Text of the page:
For all those reasons, it is indeed news when a community mural painted by aerosol artists helps a Southside neighborhood win a national competition for “Neighborhood of the Year,” an annual award given out to collaborative projects which beautify and revitalize a neighborhood and build community.
Mundo and his mentor Lavie Raven painted the original mural, located at 75th and Coles on Chicago’s South Side, in 2013. The mural was the centerpiece of a community garden project, organized by the South Shore Sustainability Collective. As Mundo notes, “The garden is run entirely by local volunteers in a location that was notorious for crime just a few years prior.”
The mural had deep spiritual significance, referencing a drummer creating the heartbeat of life; the third eye representing universal consciousness; the African concept of Sankofa, which maintains, “”It is not wrong to go back for that which we have forgotten”; Ibis birds, a symbol of Thoth, the Kemetic god of knowledge; pyramids and double-dutch jump ropes; lush, abundant greenery; and the words, “May Peace Prevail in the Universe.”
“The mural was intended to accentuate the transformation of an abandoned lot into a community garden,” Mundo says, noting that the Audubon Society, who helped to establish a migratory bird sanctuary at the site, is one of many organizations who have gotten involved with the project.
Unfortunately, the mural was destroyed by the property owner after it was damaged, just two weeks before the competition winner was announced. However, the judges recognized the significance of the mural and its contribution to community redevelopment efforts and awarded the prize to the South Shore Sustainability Collective anyway. A companion piece next to the destroyed mural called “Mama Garden” – which continues the nature theme with fruits, birds, butterflies, and rivers – has since been painted by Mundo, and there are plans for him to redo the destroyed mural.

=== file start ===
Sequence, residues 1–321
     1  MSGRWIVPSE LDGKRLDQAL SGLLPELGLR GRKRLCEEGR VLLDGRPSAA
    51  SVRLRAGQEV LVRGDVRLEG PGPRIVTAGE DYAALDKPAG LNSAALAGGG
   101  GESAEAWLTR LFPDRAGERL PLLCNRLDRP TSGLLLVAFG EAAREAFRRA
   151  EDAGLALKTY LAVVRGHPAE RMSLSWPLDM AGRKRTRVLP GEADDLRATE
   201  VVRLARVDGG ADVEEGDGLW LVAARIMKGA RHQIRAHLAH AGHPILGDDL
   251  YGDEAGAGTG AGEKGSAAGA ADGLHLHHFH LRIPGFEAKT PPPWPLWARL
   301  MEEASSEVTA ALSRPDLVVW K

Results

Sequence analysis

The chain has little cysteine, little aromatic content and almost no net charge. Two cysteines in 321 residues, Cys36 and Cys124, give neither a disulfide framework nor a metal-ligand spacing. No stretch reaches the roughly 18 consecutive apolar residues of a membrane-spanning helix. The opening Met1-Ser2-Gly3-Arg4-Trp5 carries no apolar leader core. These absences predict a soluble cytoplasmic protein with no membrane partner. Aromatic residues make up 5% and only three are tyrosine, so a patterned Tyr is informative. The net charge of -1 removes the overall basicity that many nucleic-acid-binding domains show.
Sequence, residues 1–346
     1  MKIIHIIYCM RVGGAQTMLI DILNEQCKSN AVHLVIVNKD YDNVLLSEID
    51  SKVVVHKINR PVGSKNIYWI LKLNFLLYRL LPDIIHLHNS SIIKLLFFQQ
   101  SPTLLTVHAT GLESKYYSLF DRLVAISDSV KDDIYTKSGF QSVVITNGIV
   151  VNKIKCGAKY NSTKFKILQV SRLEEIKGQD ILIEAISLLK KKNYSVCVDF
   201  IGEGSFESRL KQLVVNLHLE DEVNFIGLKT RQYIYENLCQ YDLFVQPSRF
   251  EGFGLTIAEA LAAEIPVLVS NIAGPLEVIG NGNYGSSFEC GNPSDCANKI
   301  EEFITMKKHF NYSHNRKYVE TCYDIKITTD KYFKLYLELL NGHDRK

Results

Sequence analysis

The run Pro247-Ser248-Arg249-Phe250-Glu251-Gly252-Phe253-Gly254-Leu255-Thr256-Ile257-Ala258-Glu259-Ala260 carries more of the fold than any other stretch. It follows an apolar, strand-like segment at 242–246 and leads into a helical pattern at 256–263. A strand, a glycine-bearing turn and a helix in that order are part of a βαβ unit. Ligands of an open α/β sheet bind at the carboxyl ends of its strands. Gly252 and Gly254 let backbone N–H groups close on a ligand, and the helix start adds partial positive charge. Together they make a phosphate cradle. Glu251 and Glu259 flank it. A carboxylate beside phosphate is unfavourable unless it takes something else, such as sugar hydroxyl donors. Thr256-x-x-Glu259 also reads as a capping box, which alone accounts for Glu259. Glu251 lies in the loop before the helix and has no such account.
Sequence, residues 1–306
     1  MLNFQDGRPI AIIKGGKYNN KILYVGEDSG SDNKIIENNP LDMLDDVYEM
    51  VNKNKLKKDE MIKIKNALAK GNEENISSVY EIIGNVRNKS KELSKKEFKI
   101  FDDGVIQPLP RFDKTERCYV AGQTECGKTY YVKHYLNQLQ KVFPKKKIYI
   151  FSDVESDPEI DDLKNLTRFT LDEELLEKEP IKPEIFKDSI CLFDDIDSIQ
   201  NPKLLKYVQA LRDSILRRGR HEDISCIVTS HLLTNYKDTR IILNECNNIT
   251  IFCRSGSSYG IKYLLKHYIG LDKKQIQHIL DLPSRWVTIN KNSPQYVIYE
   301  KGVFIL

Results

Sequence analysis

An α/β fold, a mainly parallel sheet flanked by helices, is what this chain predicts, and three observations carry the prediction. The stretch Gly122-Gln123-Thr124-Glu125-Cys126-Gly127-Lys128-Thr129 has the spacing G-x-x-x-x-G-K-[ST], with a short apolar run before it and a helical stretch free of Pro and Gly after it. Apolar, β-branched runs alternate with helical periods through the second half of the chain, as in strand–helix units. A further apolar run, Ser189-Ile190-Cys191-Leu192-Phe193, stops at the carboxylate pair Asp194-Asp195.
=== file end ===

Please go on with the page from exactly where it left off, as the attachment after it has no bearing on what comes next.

Mundo maintains the South Shore murals show the “immediate and powerful” impact of a community-based approach to public art. He compares such efforts with the lackluster state of public arts in Chicago and says the money allocated to failed anti-graffiti attempts would be much better spent by promoting public mural efforts which benefit underserved communities. “As Emanuel slashes funding for schools, youth services, and arts programs, youth are pushed to express their creativity through other means,” Mundo explains.
A record of disproportionate spending hints at the larger issues around graffiti and public art in Chicago. Public art funding in 2014 has dropped to $50,000, or one-eighth of the approximately $4 million spent annually on Graffiti Blasters. And while zero-tolerance advocates speculate that buffing over gang tags decreases the threat of street violence, no data conclusively links abatement efforts to violence reduction in Chicago. It is a fact, however, that legal, sanctioned murals have been caught up in the tide of brown paint by overzealous abatement crews, illegally buffed at the behest of art-hating aldermen. With no end to the graffiti epidemic in sight through costly-yet-ineffectual institutionalized abatement methods, the South Shore mural’s success suggests it’s time to consider a more holistic approach.